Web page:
In a recent screening at Picturehouse at the National Media Museum I enjoyed a trailer for a re-issue of the UK classic The Long Good Friday (1980). This re-issue is to mark the 35th anniversary of the film’s release. I thought the trailer was pretty well done. If you have seen the film before then the clips reminded one of some of the great action and dramatic sequences in the film. However if you have not seen this film before then I thought that the film did not pre-empt viewings in the unfortunate way that so many contemporary trailers do.

But the final onscreen title in the trailer spoilt my pleasure

‘exclusive 2K restoration’.

We have an increasing number of venues in the UK that advertise 4K projection, though they are not always as informative about whether films come in a 4K DCP. And we have enjoyed an increasing number of classic films restored using 4K technology [or even higher]. 4K cameras are becoming increasingly common in film production – I was fortunate have a cinematographer show me such a camera during a filming out our own Hyde Park Picture House.

Despite all of this the cheapskates in the UK distribution sector persists in using 2K technology. I would be interested to hear from film buffs in other countries as to what the standards are there. Certainly whilst there are still quite few cinemas in the UK which only have 2K projection the technology allows them to source from 4K DCPs.

I remember in the early days of digital projection frequently hearing exhibitors and distributors claiming that digital

 ‘looked better than film’.

Given that the vast majority of film then originated on 35mm this was an oxymoron – there is a contradiction between the use of ‘better’ and different formats that are incommensurable. One image is composed of silver halide grain the other of pixels. I am always annoyed by reviews that claim that a film is ‘better’ than the original literary work. The critic may find the film more enjoyable, and some viewers may prefer the characteristics of digital; that is not the same thing.

The more recent items of rhetoric from exhibitors and distributors are

          ‘the screen is not large enough for 4K or the viewing angles in the auditorium are insufficient for 4K’.

digital-cinema-projector

I have yet to hear an convincing explanation for these claims. Certainly Torkell Saetervadet, in the FIAF Digital Projection Guide, takes this and a several accompanying arguments to task,.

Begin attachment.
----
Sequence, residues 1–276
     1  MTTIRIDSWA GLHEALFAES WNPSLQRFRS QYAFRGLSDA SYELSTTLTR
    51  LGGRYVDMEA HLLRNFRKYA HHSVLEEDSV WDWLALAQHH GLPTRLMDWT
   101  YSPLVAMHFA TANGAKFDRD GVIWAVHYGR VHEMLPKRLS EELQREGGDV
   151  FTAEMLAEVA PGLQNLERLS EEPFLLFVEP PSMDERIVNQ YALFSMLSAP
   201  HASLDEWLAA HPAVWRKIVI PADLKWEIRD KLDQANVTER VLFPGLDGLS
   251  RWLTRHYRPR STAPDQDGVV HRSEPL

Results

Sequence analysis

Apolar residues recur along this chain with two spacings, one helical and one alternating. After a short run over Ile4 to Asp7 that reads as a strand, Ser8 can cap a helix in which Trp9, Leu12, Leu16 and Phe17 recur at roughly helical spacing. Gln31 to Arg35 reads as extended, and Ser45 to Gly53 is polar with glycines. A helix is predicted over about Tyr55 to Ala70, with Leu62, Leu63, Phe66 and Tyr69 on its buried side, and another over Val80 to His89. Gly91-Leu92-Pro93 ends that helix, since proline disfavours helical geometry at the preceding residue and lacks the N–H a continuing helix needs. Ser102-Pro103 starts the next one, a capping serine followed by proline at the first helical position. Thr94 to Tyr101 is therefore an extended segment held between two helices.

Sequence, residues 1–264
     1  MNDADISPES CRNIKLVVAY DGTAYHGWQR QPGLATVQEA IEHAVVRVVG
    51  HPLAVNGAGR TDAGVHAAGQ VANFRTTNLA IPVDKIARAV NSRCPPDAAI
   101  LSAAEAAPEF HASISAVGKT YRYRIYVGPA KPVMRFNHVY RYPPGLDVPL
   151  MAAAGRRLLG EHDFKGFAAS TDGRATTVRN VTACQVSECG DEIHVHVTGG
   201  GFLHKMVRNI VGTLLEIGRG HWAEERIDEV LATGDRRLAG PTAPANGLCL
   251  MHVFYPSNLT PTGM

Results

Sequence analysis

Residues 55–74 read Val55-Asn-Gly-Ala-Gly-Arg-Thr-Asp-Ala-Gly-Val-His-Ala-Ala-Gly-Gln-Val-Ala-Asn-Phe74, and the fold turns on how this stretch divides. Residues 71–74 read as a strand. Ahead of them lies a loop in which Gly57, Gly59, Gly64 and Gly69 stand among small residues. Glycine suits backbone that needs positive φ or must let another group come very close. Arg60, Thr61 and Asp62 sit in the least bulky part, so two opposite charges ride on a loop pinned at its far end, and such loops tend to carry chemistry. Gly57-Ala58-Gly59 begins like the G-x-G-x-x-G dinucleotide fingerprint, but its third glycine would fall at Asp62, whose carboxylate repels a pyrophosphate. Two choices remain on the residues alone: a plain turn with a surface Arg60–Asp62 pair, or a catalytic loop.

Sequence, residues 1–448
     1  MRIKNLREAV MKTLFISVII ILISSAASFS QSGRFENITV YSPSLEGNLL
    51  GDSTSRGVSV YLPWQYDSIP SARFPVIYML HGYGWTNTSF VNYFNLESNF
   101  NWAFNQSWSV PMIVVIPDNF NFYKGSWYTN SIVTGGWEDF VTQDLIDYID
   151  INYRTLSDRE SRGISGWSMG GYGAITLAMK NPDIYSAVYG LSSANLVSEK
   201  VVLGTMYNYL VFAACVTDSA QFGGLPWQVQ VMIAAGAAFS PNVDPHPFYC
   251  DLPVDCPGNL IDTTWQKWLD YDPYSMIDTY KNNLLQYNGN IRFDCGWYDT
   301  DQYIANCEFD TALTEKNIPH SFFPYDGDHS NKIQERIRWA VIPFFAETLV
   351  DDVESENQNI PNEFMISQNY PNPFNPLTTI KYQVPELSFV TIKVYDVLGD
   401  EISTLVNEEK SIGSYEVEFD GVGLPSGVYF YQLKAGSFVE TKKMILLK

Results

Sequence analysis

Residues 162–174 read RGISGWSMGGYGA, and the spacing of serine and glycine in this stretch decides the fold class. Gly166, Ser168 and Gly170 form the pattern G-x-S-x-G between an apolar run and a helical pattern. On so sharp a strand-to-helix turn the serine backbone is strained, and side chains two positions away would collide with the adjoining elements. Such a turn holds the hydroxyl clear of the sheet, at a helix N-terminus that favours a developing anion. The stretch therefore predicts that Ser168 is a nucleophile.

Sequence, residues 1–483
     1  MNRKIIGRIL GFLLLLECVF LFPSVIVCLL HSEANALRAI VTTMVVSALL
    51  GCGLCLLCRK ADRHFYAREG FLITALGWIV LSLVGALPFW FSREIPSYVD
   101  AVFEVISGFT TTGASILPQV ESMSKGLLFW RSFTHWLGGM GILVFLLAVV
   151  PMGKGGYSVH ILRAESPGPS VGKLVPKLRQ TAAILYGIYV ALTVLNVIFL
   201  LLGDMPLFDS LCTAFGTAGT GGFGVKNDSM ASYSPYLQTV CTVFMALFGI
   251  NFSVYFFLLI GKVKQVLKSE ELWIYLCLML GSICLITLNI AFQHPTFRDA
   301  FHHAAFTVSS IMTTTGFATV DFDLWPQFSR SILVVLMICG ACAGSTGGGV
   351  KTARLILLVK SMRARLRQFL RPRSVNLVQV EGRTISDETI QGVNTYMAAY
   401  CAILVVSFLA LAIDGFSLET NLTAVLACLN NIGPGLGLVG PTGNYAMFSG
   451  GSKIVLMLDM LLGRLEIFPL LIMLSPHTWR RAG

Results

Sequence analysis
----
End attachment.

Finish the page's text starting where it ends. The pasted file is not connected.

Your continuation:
‘The numbers [set out in a diagram] indicate, though, that the 4K format is much closer to the ideal cinema than 2K ..’

Another claim is that audiences ‘don’t notice’. There may be some truth in this but the claim is difficult to determine. For a start mainstream film nearly always privileges action and character over technique: the invisible style. And prior to the arrival of video the comparisons were between different celluloid formats or between nitrate and safety film stock. Now the comparisons may be between analogue video, DVD, Blu-Ray, other formats  and DCPs. Of course, the DCP technology is a form of video itself. But the standards are higher than other forms, and the effectiveness of the format is constantly developing. indeed one of the developments is from 2K to 4K to 6K, and soon 7 or 8K.

Further there is a larger problem with Digital standards. I have noticed recently that there frequently appears to be variation in aspect ratios, even when they are supposed to be in New Academy. And this does not seem to be just a projection problem. It is worth noting that the Arriflex Alexa has a range of settings for aspects ratios, but that the standard one seems to be 16:9, not even a cinematic ratio.

There also seem to be problems with digital sound, an area where the technology has bought undoubted improvement. But I find that modern soundtracks often lacks balance: the prime example would be Interstellar (2014), where the director publically defended its disparities.

Clearly it is not feasible to press for a return to uniform celluloid projection. However, the distributors could be more effective in making 35mm available, at least to a degree. But there need to be higher standards in the digital sphere. The standards were initially set down by the Hollywood Academy. The failings of the original standardisation are apparent from the question of frame rates – initially including 24fps, 25 fps, and 48 fps. The extension of these frame rates mean that now 2K has a wider variation available than 4K. So the standards included the facility of video playback but not proper digital playback of early film. FIAF has now addressed this point with specifications for rates from 16 to 24 fps. But hardly anywhere in the UK can one find digital versions played at the frame rate of the original early film. This despite a projectionist explaining to me that the conversions were relatively simple.

Finally there is the question of archiving. There is no convincing evidence about the life span for digital: and changing formats are also increasingly a problem. Yet it seems that some distributors and stores are only retaining digital copies even when the original was celluloid. The prospects for future generations appear problematic. Archivists reckon that only a third of early film, shot on nitrate, survives. The explanation was the absence of an archival process in those years. We may well arrive at a situation where the same is true of sound nitrate and safety stock films.